A flight to safety triggered a strong move into the U.S. dollar which had been falling because of concern regarding fiscal and monetary problems in the U.S., as well as into the Swiss franc and yen which had been weak due to low interest rates. This flight also led to rising prices for “suddenly safe” government securities which had previously been under pressure due to debt problems and recent signs of tighter monetary policies, particularly in Asia. Given the threat to worldwide growth due to the crippling of the Japanese economy, global equity markets, which had weakened noticeably on March 9 in the wake of a Bank of Korea rate hike and further signs of a persistent inflation problem in China, fell sharply as the scale of the disaster expanded. Finally, with Japan’s industrial sector somewhat crippled and global growth now more uncertain, the demands for and prices of metals, energy, and other commodities, which have been experiencing a secular boom, fell, negatively impacting performance.
The increase in volatility led our risk management systems to reduce positions in order to keep risk in line with intended exposures. Also, price changes produced new signals from directional models that led to position adjustments. Equity exposures were reduced about 50% from earlier levels, although the portfolio remained partially long Asian, U.S., and European indices. In Japan, equity positions were reduced close to flat, as were positions in Japanese government bonds, while the portfolio stayed slightly short the U.S. dollar against the yen. Metal and energy positions stayed long though 10-20% under earlier levels. The portfolio also went somewhat long interest rate futures, particularly Canadian, U.S. and British instruments.
Over the final days of the month, earlier trends resurfaced and much of the Japan related loss was recaptured, but with positions lowered, especially in equities, the quarter finished slightly negative.
OFF-BALANCE SHEET ARRANGEMENTS
The Trust does not engage in off-balance sheet arrangements with other entities.
The Trust does not enter into contractual obligations or commercial commitments to make future payments of a type that would be typical for an operating company or that would affect its liquidity or capital resources. The Trust’s sole business is trading futures and forward contracts, both long (contracts to buy) and short (contacts to sell). The Trust may also engage in trading swaps. All such contracts are settled by offset, not delivery. Substantially all such contracts are for settlement within four months of the trade date and substantially all such contracts are held by the Trust for less than four months before being offset or rolled over into new contracts with similar maturities. The Trust’s financial statements present a Condensed Schedule of Investments setting forth net unrealized appreciation (depreciation) of the Trust’s open futures and forward currency contracts, both long and short, at September 30, 2012.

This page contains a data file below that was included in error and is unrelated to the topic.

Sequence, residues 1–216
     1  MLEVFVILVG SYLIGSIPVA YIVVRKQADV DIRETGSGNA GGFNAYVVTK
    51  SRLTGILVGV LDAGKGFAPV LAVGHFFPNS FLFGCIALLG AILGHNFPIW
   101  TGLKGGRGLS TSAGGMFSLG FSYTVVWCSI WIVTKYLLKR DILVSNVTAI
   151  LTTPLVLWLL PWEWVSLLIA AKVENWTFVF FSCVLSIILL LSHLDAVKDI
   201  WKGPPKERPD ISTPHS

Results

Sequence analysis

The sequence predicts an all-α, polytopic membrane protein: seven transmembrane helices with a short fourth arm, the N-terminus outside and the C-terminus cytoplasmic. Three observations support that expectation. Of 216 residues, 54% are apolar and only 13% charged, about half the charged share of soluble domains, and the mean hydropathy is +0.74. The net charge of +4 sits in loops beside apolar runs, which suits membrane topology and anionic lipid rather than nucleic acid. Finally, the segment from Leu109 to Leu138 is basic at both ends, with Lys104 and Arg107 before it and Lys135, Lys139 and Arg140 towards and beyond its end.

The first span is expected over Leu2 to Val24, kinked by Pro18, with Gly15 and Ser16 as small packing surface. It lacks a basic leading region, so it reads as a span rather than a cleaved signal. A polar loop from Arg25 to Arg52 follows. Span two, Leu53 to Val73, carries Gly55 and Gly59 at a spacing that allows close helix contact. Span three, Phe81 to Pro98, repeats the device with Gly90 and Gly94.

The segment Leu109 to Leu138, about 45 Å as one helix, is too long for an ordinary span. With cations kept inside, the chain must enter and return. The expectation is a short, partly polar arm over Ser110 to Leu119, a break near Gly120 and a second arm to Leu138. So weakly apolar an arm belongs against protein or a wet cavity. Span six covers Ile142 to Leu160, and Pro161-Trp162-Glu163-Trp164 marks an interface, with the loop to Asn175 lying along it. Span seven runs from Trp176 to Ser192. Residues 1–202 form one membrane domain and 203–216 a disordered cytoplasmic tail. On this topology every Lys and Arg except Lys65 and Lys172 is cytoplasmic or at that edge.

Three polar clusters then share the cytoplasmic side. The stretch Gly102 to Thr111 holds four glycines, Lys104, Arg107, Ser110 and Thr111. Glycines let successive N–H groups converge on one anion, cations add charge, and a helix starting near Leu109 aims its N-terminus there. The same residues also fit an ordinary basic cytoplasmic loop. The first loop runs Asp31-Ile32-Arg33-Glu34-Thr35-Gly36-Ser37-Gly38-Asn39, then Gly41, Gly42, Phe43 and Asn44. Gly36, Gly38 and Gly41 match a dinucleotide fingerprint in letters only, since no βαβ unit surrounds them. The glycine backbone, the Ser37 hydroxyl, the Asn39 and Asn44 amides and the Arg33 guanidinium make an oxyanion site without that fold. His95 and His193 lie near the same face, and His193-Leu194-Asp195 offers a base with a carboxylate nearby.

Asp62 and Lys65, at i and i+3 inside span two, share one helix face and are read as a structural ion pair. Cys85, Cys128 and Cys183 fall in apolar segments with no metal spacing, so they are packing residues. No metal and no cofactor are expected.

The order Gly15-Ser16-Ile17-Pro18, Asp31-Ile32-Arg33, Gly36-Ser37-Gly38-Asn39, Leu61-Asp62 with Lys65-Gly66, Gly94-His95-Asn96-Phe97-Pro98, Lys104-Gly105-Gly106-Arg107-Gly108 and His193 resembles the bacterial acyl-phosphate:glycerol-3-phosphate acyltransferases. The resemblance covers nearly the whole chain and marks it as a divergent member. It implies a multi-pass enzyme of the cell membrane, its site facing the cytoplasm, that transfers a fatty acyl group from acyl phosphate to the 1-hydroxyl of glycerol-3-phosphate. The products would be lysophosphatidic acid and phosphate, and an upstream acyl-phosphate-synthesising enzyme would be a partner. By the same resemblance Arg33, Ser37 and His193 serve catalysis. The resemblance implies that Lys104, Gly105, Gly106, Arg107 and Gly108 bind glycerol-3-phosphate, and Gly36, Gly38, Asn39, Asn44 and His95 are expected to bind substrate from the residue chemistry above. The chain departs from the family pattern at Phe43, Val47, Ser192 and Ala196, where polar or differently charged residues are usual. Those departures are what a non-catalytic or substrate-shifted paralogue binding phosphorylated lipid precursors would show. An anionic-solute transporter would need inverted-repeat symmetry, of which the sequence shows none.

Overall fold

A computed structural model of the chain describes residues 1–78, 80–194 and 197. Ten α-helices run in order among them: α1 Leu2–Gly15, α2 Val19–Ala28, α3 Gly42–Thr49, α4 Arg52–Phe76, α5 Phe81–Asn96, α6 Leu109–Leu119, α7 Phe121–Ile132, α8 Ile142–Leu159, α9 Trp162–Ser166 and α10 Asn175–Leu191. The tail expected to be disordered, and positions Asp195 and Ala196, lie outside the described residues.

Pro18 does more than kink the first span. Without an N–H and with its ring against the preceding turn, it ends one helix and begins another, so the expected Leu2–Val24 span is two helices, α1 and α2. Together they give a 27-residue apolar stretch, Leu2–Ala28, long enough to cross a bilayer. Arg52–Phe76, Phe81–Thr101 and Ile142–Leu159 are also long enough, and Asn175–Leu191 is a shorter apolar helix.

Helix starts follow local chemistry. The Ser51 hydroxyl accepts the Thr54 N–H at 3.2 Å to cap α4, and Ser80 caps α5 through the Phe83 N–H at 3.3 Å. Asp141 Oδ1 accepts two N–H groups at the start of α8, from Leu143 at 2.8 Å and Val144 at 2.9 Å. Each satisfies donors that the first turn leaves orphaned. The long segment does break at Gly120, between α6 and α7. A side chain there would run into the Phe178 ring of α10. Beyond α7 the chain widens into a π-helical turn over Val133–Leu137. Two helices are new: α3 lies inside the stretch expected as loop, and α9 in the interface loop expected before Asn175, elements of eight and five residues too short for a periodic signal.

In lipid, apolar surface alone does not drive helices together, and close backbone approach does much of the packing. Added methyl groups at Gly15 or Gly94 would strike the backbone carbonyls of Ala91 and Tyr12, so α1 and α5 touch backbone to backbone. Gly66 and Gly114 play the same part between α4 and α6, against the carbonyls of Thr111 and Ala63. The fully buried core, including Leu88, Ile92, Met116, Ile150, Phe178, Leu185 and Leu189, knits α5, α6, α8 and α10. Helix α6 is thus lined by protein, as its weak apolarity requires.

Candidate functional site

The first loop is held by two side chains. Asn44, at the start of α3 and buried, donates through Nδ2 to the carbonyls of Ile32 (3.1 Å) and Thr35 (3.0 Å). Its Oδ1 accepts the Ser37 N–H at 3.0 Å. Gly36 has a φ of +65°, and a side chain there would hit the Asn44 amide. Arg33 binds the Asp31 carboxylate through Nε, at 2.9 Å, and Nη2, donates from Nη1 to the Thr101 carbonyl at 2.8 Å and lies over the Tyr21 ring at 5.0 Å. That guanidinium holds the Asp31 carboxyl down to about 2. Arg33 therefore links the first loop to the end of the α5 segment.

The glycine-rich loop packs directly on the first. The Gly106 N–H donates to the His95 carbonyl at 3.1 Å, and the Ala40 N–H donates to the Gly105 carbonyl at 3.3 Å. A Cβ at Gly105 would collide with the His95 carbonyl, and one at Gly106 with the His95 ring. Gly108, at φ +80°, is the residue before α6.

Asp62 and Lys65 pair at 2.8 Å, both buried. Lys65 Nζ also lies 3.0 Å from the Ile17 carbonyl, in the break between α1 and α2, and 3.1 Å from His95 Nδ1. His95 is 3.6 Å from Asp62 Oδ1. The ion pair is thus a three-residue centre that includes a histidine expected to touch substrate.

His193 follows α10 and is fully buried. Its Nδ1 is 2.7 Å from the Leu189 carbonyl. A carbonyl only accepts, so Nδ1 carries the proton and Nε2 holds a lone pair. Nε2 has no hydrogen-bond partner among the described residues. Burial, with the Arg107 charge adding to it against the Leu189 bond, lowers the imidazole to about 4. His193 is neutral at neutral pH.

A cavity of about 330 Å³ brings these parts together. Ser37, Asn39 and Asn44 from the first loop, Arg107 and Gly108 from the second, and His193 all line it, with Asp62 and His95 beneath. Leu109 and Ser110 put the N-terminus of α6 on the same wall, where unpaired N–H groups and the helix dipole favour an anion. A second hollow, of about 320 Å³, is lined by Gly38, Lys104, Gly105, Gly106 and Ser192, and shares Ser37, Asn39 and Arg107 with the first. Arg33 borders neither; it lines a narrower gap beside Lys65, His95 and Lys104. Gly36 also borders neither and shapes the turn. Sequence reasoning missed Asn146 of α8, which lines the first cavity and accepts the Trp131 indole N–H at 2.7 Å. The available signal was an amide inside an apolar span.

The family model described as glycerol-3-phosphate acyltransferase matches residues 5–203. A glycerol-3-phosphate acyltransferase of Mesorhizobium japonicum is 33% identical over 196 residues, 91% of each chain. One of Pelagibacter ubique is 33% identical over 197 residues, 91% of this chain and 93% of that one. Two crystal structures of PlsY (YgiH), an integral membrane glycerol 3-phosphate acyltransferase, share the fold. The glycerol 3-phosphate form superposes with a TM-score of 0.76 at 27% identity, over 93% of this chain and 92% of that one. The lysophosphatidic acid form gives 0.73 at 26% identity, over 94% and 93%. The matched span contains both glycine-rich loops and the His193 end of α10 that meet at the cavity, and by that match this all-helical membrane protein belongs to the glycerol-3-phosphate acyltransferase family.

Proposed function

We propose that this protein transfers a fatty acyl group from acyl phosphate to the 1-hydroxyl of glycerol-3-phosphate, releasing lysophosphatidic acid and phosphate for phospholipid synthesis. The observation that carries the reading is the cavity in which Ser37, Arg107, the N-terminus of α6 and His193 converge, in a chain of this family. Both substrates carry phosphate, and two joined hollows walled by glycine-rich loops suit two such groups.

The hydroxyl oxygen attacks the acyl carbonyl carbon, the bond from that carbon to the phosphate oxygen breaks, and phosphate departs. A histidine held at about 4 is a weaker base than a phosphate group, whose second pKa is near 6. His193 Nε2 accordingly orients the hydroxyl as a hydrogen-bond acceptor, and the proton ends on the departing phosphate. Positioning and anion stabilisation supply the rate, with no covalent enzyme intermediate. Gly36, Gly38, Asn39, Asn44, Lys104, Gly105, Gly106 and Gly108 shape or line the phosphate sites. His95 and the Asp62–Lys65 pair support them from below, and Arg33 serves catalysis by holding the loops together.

ITEM 3. QUANTITATIVE AND QUALITATIVE DISCLOSURES ABOUT MARKET RISK
Value at Risk is a measure of the maximum amount which the Trust could reasonably be expected to lose in a given market sector. However, the inherent uncertainty of the Trust's speculative trading and the occurrence in the markets traded by the Trust of market movements far exceeding expectations could result in actual trading or non-trading losses far beyond the indicated or the Trust's experience to date (i.e., "risk of ruin"). In light of the foregoing as well as the risks and uncertainties intrinsic to all future projections, the inclusion of the quantification included in this section should not be considered to constitute any assurance or representation that the Trust's losses in any market sector will be limited to Value at Risk or by the Trust's attempts to manage its market risk.
Materiality, as used in this section "Quantitative and Qualitative Disclosures About Market Risk," is based on an assessment of reasonably possible market movements and the potential losses caused by such movements, taking into account the leverage, optionality and multiplier features of the Trust's market sensitive instruments.
Quantifying the Trust's Trading Value at Risk
Quantitative Forward-Looking Statements
The following quantitative disclosures regarding the Trust's market risk exposures contain "forward-looking statements" within the meaning of the safe harbor from civil liability provided for such statements by the Private Securities Litigation Reform Act of 1995 (set forth in Section 27A of the Securities Act of 1933 and Section 21E of the Securities Exchange Act of 1934). All quantitative disclosures in this section are deemed to be forward-looking statements for purposes of the safe harbor, except for statements of historical fact.
The Trust's risk exposure in the various market sectors traded by the Managing Owner is quantified below in terms of Value at Risk. Due to the Trust's mark- to-market accounting, any loss in the fair value of the Trust's open positions is directly reflected in the Trust's earnings (realized or unrealized) and cash flow (at least in the case of exchange-traded contracts in which profits and losses on open positions are settled daily through variation margin).
Exchange maintenance margin requirements have been used by the Trust as the measure of its Value at Risk. Maintenance margin requirements are set by exchanges to equal or exceed 95-99% of the maximum one-day losses in the fair value of any given contract incurred during the time period over which historical price fluctuations are researched for purposes of establishing margin levels. The maintenance margin levels are established by dealers and exchanges using historical price studies as well as an assessment of current market volatility (including the implied volatility of the options on a given futures contract) and economic fundamentals to provide a probabilistic estimate of the maximum expected near-term one-day price fluctuation.